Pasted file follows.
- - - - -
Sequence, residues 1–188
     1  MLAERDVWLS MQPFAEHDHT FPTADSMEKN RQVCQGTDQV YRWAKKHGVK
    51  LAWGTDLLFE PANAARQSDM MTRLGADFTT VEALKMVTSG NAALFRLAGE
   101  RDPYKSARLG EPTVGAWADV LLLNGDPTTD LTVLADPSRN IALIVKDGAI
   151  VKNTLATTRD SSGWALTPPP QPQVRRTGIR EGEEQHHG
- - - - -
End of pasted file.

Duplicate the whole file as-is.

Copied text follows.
Sequence, residues 1–188
     1  MLAERDVWLS MQPFAEHDHT FPTADSMEKN RQVCQGTDQV YRWAKKHGVK
    51  LAWGTDLLFE PANAARQSDM MTRLGADFTT VEALKMVTSG NAALFRLAGE
   101  RDPYKSARLG EPTVGAWADV LLLNGDPTTD LTVLADPSRN IALIVKDGAI
   151  VKNTLATTRD SSGWALTPPP QPQVRRTGIR EGEEQHHG